As a child growing up in Saudi Arabia, Ahmed Bagit has early memories of his father buying groceries and taking him to under-privileged neighbourhoods to distribute food. Now, the Brock University Health Sciences grad is following in those footsteps to help Niagara residents who may be struggling to pay for food.
As the COVID-19 pandemic was escalating in early March, Bagit took it upon himself to learn more about how the disease impacts those at risk. What he learned motivated him to begin making plans to support those who would be disproportionately affected. It resulted in him launching a free delivery service of pre-paid groceries and finding ways to finance food for those in need during Ramadan.
“My parents instilled in me, no matter what position you are in life, you need to give back,” Bagit says. “Even during the times when our family would have been considered under-privileged ourselves, my parents were always giving back to our community.”
A regular attendee of the Masjid Al Noor mosque in St. Catharines, Bagit is aware that food insecurity is an issue for local Muslims, the elderly and those with health challenges.
“I still live at home with my family. When we went grocery shopping, I began to notice lines getting longer and people having difficulty accessing food,” he says. “This is when I came up with the idea of a volunteer food delivery service that doesn’t put the driver or the client in a risky position.”
Recognizing that food delivery costs can eat into an already limited food budget, Bagit, along with Hanan Awadh, a medical devices technologist at the Niagara Health St. Catharines hospital, Aashir Siddique another Brock Medical Sciences Class of 2020 graduate and others, began recruiting volunteer drivers and reaching out to vulnerable individuals.
As word of the grassroots, community-based initiative got out, donations started coming in and volunteers increased to 30 drivers, half of which are Brock students or alumni. The initiative culminated during Ramadan, where Muslims fast every day from dawn to sunset.
“Normally, our mosque would hold daily food programs so individuals can break their fast,” Bagit says. “The pandemic cancelled these programs so many were being left to go without.”
In response, donation collections were taken up to provide meals to families and those in need during Ramadan from Apr 23 to May 23.
With funds raised and a partnership with Penny Appeal Canada, a relief and development organization which has organized other similar campaigns across the country under the Canadian Muslim Response Network, Bagit was able to negotiate a reduced rate at a local restaurant to broaden their reach.
“We provided 600 meals during Ramadan and an additional 200 meals to individuals accessing services at Start Me Up Niagara and Southridge Shelter,” Bagit says. “Our mosque is a community of people from all ethnicities and backgrounds. I am thankful we were able to support the families who were struggling.”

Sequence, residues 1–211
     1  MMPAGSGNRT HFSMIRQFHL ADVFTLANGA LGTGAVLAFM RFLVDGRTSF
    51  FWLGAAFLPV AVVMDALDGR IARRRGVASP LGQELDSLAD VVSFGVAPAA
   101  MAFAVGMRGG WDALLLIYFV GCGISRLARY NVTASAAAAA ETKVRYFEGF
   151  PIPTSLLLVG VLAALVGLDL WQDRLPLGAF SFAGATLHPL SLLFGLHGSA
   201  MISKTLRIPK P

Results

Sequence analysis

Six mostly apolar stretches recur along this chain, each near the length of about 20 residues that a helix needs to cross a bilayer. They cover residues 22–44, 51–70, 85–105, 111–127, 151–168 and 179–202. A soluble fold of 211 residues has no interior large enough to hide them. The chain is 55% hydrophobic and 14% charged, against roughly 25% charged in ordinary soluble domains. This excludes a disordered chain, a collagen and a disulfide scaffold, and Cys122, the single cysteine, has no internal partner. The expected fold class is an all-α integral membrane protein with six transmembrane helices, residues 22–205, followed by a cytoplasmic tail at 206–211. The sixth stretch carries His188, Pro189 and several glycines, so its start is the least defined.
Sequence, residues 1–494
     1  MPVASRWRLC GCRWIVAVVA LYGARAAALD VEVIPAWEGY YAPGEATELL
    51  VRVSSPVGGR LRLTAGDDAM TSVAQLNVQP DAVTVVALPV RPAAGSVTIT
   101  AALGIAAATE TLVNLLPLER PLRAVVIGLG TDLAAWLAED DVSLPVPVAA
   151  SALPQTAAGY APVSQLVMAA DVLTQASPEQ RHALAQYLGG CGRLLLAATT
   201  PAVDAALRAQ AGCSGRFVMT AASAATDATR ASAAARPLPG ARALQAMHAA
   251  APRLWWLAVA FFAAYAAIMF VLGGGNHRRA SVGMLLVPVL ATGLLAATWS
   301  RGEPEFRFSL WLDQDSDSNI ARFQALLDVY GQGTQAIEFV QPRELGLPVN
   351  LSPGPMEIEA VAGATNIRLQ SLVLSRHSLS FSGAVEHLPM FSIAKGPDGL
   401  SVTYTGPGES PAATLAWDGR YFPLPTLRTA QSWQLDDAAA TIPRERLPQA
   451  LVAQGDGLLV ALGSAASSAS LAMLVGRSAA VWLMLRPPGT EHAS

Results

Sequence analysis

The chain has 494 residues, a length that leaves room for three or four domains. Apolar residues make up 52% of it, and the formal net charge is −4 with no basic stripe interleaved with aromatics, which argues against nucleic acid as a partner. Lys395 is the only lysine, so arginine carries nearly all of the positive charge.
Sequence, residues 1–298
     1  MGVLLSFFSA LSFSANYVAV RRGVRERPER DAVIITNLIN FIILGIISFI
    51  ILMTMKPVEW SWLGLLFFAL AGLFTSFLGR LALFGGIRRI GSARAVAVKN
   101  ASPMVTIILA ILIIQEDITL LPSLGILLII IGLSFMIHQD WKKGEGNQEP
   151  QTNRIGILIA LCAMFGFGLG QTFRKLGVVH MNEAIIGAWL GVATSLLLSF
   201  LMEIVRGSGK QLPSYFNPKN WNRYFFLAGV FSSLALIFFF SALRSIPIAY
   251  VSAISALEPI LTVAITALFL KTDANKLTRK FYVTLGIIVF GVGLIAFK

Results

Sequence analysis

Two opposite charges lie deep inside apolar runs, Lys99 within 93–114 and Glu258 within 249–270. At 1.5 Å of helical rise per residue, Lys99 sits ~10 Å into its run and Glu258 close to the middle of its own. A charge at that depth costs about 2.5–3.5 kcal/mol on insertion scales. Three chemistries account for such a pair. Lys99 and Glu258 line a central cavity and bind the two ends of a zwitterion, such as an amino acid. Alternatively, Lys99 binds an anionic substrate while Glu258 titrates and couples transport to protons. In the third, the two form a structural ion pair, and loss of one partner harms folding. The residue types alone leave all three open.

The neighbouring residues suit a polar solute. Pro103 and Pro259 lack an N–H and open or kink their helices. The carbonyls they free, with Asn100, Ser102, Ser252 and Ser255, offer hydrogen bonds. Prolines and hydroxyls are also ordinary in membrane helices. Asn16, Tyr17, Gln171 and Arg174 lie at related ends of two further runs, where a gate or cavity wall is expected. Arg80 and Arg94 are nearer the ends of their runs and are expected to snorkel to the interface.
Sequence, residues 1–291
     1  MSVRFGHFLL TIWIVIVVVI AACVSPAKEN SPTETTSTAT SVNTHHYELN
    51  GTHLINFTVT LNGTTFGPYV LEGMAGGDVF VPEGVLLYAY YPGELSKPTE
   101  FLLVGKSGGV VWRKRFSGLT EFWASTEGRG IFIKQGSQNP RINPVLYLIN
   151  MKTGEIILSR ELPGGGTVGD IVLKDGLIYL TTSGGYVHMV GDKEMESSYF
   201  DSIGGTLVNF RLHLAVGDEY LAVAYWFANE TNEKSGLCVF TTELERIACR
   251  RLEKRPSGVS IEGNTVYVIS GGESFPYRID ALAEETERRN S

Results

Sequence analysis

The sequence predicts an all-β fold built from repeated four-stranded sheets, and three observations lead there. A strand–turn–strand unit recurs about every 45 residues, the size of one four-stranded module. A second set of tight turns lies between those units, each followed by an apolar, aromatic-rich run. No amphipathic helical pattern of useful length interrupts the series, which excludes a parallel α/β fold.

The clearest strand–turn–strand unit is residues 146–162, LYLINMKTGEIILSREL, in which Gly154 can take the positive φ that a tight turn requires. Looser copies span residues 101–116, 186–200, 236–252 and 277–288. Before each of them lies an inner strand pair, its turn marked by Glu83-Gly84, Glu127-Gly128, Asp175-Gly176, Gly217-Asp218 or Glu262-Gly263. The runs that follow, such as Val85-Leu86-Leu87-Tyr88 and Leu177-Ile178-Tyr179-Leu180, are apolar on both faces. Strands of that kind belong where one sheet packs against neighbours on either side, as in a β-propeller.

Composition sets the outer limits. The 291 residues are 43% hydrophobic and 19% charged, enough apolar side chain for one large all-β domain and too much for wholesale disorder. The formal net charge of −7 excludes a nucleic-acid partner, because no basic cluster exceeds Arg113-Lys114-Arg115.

Bagit, of Sudanese decent, self-identifies as a visible minority and says the need to help others is magnified now with everything happening in the world around the Black Live Matters movement.
“Being of black and Muslim intersectionality, I can see from a variety of perspectives the range of struggles people are faced with,” he says. “During my time at Brock, influenced by what I was learning in the classroom, I also volunteered for Positive Living Niagara and the Alzheimer Society of Niagara Region which deepened my understanding.”
While Bagit gives credit to his mother for encouraging him to volunteer in Grades 11 and 12 as an Arabic language tutor in Niagara when his family first moved here, it was his undergraduate experience at Brock that nurtured his interest in medicine and motivated his community advocacy work.
“It was my mother who really set me on the path to volunteerism by suggesting I teach children who attend English schools, their native language,” Bagit says. “At the same time, I am also grateful to Health Sciences Assistant Professor Rebecca MacPherson for providing me with the opportunity to conduct research in her lab and volunteer in the anatomy lab.”
These opportunities led Bagit to do a fourth-year thesis project with MacPherson and the chance to present his Alzheimer’s research on ‘Metabolic pathways that lead to disease and what factors can reduce exacerbated elements of disease’ at the Ontario Exercise Physiology Conference last February.
“As a recent immigrant to Canada, I am so grateful for all of these experiences,” Bagit says. “I don’t see that I would have been afforded these opportunities elsewhere.”
For now, Bagit plans to continue the free delivery service of groceries, medications and necessary items. He is hoping others will be inspired by his initiative to give back.
After receiving his Medical Sciences degree on Friday, June 19, Bagit is still deciding which graduate studies opportunity he will accept for next year.
For more information on the free, no-contact delivery services, available to all individuals in need in Niagara, regardless of background or religious affiliation or to become a volunteer visit CMRN–Niagara on Facebook or Instagram.